Bridging Motivation Gaps: LLMs and Health Behavior Change

Summary: A new study explores how large language models (LLMs) like ChatGPT, Google Bard, and Llama 2 address different motivational states in health-related contexts, revealing a significant gap in their ability to support behavior change. While these generative conversational agents excel at providing information to users with clear goals, they struggle to guide those uncertain about making health-related changes, such as adopting a more active lifestyle to manage conditions like diabetes.

This research underscores the need for LLMs to integrate psychological theories and natural language processing to effectively promote preventive health behaviors, pointing to new directions for enhancing digital health solutions.

Key Facts:

  1. Generative conversational agents can identify users’ motivation states and provide relevant information for goal-oriented individuals but fall short in assisting those ambivalent about changing behaviors.
  2. The study highlights a crucial gap in LLMs’ ability to support users with uncertain motivation, emphasizing the importance of incorporating behavioral science into LLM development for health promotion.
  3. The research team, led by PhD student Michelle Bak and Assistant Professor Jessie Chin, aims to develop digital health interventions that leverage LLMs to encourage positive health behavior changes.

Source: University of Illinois

A new study recently published in the Journal of the American Medical Informatics Association (JAMIA) reveals how large language models (LLMs) respond to different motivational states.

In their evaluation of three LLM-based generative conversational agents (GAs)—ChatGPT, Google Bard, and Llama 2, PhD student Michelle Bak and Assistant Professor Jessie Chin of the School of Information Sciences at the University of Illinois Urbana-Champaign found that while GAs are able to identify users’ motivation states and provide relevant information when individuals have established goals, they are less likely to provide guidance when the users are hesitant or ambivalent about changing their behavior.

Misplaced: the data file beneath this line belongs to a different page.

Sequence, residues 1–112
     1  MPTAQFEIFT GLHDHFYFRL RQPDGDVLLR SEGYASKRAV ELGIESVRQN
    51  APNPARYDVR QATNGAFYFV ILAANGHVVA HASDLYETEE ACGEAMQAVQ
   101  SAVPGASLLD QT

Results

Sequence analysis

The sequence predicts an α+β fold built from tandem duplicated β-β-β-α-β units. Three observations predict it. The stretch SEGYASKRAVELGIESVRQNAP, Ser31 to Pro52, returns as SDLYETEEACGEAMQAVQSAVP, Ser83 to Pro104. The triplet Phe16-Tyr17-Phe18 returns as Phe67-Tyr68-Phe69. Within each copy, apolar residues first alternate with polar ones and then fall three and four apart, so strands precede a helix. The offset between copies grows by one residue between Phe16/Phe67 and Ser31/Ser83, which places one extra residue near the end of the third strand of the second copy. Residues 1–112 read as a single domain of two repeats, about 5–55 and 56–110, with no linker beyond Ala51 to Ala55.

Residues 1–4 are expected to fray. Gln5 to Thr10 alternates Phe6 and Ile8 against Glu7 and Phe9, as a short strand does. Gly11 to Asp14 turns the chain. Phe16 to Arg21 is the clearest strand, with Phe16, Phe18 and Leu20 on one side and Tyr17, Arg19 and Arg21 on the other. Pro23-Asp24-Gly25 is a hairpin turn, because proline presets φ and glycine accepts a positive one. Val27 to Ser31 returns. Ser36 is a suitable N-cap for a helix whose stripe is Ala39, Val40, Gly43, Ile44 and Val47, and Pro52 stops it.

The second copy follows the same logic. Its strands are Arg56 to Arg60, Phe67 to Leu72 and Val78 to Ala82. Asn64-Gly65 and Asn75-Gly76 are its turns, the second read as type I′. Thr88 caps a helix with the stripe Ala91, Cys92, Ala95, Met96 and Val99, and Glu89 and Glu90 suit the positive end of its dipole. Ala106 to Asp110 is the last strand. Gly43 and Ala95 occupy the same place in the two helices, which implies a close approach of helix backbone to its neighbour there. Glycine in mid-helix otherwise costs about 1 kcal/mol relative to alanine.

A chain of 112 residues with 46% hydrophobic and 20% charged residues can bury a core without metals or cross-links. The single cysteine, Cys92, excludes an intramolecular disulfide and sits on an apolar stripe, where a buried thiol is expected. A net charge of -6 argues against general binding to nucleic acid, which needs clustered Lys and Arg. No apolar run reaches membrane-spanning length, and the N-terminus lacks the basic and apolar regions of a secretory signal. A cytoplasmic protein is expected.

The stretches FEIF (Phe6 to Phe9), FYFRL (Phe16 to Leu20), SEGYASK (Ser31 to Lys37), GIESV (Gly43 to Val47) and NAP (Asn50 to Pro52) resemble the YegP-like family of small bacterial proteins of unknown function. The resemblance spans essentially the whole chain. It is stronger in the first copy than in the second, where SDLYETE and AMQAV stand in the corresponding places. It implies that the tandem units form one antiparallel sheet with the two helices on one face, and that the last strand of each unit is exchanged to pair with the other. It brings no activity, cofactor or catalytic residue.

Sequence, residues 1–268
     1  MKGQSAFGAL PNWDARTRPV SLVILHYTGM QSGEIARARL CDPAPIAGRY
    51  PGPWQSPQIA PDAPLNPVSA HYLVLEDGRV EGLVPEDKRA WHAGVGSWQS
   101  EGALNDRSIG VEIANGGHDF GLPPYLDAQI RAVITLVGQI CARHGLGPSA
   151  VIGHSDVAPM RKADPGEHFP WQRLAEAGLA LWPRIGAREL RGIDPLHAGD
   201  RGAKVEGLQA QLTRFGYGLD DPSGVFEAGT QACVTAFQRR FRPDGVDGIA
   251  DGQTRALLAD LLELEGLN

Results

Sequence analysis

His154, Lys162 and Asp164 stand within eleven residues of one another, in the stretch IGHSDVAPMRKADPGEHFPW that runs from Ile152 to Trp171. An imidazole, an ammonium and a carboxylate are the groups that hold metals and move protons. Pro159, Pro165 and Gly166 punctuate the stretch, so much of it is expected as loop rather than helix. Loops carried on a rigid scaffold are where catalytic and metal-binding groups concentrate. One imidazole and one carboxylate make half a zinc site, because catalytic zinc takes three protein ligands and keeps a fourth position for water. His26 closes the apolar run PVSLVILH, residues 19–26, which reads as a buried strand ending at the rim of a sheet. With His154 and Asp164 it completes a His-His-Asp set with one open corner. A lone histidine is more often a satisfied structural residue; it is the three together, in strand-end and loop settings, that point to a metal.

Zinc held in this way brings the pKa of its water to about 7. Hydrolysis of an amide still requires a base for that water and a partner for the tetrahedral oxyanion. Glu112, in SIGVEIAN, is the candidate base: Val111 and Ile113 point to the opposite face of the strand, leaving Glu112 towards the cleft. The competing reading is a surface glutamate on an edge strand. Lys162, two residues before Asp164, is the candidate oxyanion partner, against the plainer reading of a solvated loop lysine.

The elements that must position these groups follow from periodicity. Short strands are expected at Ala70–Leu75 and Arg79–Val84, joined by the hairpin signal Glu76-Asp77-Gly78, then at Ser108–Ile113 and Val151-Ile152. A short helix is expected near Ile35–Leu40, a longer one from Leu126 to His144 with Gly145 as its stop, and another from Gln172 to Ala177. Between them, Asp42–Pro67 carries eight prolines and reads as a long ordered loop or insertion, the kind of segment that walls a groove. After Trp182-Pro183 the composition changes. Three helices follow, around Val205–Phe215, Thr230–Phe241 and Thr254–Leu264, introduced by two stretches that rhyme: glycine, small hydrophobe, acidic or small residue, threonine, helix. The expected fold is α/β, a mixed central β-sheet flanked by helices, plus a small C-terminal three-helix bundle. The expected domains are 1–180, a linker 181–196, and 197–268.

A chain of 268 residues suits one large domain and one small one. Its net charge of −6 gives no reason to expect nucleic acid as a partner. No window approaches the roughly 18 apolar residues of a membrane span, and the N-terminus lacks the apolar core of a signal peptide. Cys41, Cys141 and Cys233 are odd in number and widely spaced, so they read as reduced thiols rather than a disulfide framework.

This shows a person using a laptop.
“This major gap of LLMs in responding to certain states of motivation suggests future directions of LLMs research for health promotion,” said Chin. Credit: Neuroscience News

Bak provides the example of an individual with diabetes who is resistant to changing their sedentary lifestyle.  

“If they were advised by a doctor that exercising would be necessary to manage their diabetes, it would be important to provide information through GAs that helps them increase an awareness about healthy behaviors, become emotionally engaged with the changes, and realize how their unhealthy habits might affect people around them.

“This kind of information can help them take the next steps toward making positive changes,” said Bak.

Current GAs lack specific information about these processes, which puts the individual at a health disadvantage. Conversely, for individuals who are committed to changing their physical activity levels (e.g., have joined personal fitness training to manage chronic depression), GAs are able to provide relevant information and support. 

“This major gap of LLMs in responding to certain states of motivation suggests future directions of LLMs research for health promotion,” said Chin.